“Must be. There was more than one of these things right in the shallows at the beach. We were lucky no one else got attacked. I got her out of the water as fast as I could so the blood wouldn’t attract other predators.” He sat on his heels, frowning, holding an inject. “This is only a generic. Will it work on eel venom?”

“It’s all we’ve got on the shuttle. It’ll have to hold her until we get to the ship’s sick bay.”

As he gave Sharmali the inject, Meg eyed the wound with deep misgiving. The woman’s leg was definitely swelling and there were ugly purple streaks advancing toward her knee. “This is my fault,” she said.

“How do you figure?” Red applied a light tourniquet.

“I should have known if the ranger station was closed, the barriers might be shut off, but I didn’t check.”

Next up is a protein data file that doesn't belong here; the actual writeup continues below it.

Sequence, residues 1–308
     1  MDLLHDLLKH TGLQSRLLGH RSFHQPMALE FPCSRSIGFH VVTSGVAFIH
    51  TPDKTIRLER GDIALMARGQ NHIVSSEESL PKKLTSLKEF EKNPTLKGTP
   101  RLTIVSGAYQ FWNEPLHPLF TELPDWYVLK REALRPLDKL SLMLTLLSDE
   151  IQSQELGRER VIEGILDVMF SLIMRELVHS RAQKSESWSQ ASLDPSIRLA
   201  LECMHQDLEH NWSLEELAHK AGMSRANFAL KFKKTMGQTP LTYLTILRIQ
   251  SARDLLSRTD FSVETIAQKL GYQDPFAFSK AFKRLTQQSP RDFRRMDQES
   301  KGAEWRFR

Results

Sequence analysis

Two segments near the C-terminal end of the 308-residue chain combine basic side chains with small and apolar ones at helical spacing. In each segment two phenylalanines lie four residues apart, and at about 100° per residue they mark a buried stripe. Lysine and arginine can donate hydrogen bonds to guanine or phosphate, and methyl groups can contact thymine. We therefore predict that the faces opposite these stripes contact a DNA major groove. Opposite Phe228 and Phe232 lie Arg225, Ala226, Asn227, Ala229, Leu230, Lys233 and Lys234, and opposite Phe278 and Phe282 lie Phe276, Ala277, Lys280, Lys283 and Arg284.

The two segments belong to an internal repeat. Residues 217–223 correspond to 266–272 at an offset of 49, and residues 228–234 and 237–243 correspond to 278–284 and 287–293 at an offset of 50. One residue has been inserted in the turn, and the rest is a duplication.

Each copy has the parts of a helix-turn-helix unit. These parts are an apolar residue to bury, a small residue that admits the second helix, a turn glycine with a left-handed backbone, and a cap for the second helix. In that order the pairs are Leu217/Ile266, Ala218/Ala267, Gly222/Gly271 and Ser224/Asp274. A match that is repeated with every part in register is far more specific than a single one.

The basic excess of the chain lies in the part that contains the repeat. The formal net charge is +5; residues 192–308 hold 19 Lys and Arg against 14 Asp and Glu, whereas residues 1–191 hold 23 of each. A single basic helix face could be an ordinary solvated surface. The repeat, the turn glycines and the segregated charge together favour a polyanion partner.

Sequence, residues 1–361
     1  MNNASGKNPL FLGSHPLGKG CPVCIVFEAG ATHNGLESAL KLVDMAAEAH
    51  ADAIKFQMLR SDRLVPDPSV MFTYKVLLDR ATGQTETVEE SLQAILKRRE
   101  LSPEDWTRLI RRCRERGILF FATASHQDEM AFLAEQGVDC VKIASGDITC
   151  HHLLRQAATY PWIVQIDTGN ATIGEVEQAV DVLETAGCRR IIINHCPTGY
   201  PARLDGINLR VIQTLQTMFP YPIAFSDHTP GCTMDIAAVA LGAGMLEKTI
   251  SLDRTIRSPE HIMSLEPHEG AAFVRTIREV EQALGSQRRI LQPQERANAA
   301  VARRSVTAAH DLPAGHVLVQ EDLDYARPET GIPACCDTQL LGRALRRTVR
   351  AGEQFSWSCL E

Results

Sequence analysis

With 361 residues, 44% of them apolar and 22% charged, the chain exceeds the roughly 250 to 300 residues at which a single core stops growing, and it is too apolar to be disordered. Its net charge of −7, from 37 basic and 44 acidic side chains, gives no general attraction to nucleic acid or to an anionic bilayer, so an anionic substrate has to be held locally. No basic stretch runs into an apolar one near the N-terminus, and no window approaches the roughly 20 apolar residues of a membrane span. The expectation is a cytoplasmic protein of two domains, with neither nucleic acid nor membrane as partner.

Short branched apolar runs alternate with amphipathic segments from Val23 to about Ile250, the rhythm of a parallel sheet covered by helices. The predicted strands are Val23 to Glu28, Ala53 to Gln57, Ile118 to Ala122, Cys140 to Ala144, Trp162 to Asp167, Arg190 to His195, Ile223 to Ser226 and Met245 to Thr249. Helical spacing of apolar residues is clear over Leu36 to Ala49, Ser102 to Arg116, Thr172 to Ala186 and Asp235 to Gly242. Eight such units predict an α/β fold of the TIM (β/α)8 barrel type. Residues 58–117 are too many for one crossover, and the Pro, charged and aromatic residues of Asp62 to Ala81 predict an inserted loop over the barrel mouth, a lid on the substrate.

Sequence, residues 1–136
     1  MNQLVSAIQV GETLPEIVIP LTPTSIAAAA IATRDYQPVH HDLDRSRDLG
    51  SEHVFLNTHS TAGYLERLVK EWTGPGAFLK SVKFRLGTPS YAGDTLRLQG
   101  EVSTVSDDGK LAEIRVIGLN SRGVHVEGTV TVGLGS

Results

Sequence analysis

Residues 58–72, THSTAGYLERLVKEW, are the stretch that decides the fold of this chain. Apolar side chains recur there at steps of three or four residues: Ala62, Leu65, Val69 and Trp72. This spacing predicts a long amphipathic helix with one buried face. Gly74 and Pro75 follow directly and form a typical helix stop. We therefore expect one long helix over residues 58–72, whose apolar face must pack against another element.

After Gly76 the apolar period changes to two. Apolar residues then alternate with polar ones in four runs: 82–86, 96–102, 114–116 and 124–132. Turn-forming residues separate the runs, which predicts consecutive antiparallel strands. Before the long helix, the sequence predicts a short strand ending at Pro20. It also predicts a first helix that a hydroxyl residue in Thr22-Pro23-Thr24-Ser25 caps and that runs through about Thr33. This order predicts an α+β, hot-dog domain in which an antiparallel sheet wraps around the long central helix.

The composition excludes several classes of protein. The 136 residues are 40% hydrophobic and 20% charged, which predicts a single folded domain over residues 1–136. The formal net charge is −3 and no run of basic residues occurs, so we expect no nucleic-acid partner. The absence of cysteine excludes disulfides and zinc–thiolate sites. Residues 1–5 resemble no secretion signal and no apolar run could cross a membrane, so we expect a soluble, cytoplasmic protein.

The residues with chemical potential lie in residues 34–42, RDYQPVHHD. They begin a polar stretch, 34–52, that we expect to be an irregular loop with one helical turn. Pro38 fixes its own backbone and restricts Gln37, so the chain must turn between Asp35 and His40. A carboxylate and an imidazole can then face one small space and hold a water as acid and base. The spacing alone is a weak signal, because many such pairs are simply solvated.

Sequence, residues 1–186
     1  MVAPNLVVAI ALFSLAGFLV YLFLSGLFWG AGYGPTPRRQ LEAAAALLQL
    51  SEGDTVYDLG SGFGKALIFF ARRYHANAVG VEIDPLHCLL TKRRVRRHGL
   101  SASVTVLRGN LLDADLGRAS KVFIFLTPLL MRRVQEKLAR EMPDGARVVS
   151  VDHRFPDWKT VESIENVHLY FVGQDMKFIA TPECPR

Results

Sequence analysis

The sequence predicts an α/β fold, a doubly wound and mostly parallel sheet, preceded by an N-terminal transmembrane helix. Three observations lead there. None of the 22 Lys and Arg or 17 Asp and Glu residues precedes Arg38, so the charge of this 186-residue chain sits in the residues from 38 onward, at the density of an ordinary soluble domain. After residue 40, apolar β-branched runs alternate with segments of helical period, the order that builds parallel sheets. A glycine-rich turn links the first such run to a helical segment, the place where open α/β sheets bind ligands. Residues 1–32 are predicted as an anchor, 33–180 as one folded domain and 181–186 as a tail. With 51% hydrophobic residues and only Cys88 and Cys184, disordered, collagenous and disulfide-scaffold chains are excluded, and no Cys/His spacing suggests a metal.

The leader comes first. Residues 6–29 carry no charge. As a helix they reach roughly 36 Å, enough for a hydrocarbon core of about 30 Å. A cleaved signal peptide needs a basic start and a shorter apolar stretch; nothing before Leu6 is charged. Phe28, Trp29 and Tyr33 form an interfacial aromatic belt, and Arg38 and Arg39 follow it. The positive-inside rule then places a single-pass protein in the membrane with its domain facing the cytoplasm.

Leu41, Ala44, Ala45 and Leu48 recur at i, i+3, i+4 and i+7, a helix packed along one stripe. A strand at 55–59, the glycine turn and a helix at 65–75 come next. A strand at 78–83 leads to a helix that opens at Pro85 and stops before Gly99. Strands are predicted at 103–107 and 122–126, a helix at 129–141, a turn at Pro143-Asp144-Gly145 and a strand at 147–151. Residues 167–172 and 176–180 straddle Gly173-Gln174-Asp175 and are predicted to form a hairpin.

“Well, keep your voice down, the Primary is pissed off enough right now. Don’t add fuel to his fire.”

Want to read more? You can find Star Quest: Marooned at:
Amazon     iBooks     Kobo     Barnes & Noble

Guest Veronica Scott square photoBest Selling Science Fiction & Paranormal Romance author and “SciFi Encounters” columnist for the USA Today Happily Ever After blog, Veronica Scott grew up in a house with a library as its heart. Dad loved science fiction, Mom loved ancient history and Veronica thought there needed to be more romance in everything. When she ran out of books to read, she started writing her own stories.

Three time winner of the Galaxy Award, as well as a National Excellence in Romance Fiction Award, Veronica is also the proud recipient of a NASA Exceptional Service Medal relating to her former day job, not her romances!